Depp libel trial reveals problems of proof in domestic violence cases


Despite being a libel case, Depp v News Group Newspapers Ltd & Another felt more like a criminal trial at the Old Bailey, or a domestic violence hearing in the family courts.

Both Sasha Wass QC, for NGN, and Eleanor Laws QC, for Depp, who carried out the respective cross-examinations of the actors and former spouses Johnny Depp and Amber Heard were, for example, drafted in because of their expertise in the criminal courts.

Depp’s lawyers argued that the gravity of the allegations meant that the civil standard of proof applied in defamation cases should be applied “flexibly”, so that the more serious the allegation “the stronger must be the evidence before a court”. The standard of proof in a civil case rests on the balance of probability, whereas in a criminal case it relies on the matter being beyond reasonable doubt.

In his skeleton argument at the start of the trial, David Sherborne, representing Depp, said: “Because [NGN] are seeking to prove true an allegation of guilt of criminal conduct, the standard of proof and the evidence capable of proving the allegation take on particular importance.

“This is because they are seeking to prove true a very serious allegation and a finding to that effect is one with potentially serious consequences. The evidence required therefore to prove their case needs to be compelling.

“The issue of credibility,” he added, “is of particular importance.”

The key issue for the trial judge, Mr Justice Nicol, to determine is whether an April 2018 article in the Sun was defamatory. Under the 2013 Defamation Act, a publication is not defamatory unless it has caused or is likely to cause “serious harm to the reputation of the claimant”.

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Depp’s claim is that the article bore the meaning that he was “guilty, on overwhelming evidence, of serious domestic violence against his then wife, causing significant injury and leading to her fearing for her life, for which he was constrained to pay no less than £5m to compensate her, and which resulted in him being subjected to a continuing court restraining order; and for that reason is not fit to work in the film industry”.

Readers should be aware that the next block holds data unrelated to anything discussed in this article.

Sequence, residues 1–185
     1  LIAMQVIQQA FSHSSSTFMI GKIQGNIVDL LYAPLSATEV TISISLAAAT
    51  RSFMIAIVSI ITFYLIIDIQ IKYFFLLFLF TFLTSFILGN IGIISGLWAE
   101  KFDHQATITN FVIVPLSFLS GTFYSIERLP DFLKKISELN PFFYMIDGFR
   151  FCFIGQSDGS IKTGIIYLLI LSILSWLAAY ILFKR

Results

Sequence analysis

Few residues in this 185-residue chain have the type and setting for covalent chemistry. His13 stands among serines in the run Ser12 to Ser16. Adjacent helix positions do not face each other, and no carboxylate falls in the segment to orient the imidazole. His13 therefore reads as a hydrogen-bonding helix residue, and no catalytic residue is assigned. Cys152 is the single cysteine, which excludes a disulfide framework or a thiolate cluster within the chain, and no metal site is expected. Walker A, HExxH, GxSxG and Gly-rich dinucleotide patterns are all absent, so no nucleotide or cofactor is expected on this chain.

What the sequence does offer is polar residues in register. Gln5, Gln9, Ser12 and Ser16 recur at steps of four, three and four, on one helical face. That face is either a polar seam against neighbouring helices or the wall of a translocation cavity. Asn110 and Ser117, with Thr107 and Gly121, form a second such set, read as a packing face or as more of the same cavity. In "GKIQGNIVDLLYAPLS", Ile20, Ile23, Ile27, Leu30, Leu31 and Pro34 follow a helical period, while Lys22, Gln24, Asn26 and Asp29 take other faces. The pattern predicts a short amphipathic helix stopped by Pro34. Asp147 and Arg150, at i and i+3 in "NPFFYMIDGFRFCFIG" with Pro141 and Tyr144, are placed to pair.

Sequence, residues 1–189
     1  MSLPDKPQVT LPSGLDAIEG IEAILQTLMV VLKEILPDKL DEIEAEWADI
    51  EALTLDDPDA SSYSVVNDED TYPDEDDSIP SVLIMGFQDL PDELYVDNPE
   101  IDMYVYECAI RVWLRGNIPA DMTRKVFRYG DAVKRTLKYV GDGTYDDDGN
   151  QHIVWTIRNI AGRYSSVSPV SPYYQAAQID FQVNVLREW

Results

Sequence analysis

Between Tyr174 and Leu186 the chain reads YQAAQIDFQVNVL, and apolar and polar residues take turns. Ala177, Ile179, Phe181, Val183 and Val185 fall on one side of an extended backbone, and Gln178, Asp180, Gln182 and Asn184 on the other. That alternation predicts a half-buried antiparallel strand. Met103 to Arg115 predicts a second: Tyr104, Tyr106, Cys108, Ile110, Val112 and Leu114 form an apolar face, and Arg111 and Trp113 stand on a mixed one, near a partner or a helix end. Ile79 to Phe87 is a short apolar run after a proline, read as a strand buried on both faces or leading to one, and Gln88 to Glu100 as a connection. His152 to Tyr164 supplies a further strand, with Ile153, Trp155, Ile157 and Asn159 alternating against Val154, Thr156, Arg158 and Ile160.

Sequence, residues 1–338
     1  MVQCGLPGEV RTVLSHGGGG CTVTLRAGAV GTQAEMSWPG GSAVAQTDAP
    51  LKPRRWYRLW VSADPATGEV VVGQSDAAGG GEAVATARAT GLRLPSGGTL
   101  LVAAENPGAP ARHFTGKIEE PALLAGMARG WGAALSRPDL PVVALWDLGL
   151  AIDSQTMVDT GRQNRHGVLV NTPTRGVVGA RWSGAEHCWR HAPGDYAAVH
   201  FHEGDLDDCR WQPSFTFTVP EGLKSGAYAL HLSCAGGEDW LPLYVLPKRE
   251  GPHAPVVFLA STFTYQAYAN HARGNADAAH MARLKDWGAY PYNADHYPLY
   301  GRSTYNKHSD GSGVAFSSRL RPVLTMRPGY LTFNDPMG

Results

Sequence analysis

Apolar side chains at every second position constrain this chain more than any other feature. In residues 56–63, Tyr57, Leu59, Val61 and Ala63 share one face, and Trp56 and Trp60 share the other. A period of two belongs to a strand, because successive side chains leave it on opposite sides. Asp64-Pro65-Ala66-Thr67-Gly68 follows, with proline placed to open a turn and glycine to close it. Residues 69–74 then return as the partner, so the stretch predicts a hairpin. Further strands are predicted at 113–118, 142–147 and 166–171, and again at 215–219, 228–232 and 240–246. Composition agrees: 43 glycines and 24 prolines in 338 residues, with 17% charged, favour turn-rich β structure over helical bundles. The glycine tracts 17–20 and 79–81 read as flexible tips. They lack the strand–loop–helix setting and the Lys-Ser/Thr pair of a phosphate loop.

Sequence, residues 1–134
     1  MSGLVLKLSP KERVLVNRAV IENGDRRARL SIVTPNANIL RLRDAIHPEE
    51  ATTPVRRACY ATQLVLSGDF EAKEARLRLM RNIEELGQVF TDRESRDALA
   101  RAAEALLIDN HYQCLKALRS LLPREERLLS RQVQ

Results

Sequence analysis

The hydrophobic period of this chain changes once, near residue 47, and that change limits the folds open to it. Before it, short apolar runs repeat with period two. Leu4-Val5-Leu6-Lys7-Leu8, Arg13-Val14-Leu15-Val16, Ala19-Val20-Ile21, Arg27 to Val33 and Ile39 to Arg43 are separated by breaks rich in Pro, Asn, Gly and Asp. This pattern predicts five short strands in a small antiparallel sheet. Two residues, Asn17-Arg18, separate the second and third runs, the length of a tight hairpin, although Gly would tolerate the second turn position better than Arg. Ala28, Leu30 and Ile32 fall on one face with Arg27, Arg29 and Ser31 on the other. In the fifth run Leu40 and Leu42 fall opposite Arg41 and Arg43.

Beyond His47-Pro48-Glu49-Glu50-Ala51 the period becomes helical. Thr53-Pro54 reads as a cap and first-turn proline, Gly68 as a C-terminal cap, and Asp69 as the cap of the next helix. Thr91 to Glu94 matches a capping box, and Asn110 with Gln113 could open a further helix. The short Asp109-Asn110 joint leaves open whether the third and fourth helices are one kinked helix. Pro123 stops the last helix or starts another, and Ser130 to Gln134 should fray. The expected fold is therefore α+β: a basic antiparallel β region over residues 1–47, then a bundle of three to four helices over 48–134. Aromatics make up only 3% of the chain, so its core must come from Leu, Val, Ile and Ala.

He denies the allegations and maintains he “has never hit or committed any acts of physical violence against Ms Heard”.

The Sun’s publisher, NGN, is relying on a defence of truth. The onus is on the paper to prove that the allegations are “substantially true”, that Depp beat Heard, causing her to suffer significant injury and on occasion leading her to fear for her life. It maintains it was obvious the £5m was part of a divorce settlement, not compensation for physical assaults.

The paper relied on 14 separate allegations of violence and claimed that Depp was “controlling and verbally and physically abusive” towards Heard, particularly when he was under the influence of alcohol and/or drugs.

If Depp wins, the judge will have to decide what level of compensation he should receive for the harm to his reputation and for the “distress, hurt and humiliation caused”.

As well as general damages, Depp may be able to argue he is entitled to aggravated damages. The actor is also asking for a final injunction against NGN, who his legal team say “have retained the article on their website and maintained their allegation to the bitter end”.

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The case raises many issues, among them how difficult cases can be if two people give diametrically opposed accounts of events that occurred in private.

If four weeks of courtroom investigations – aided by first-class lawyers examining CCTV recordings, text messages, photos and numerous witnesses – still struggle to establish the precise truth of what happened, then how hard must it be for family courts processing thousands of domestic violence allegations every year?



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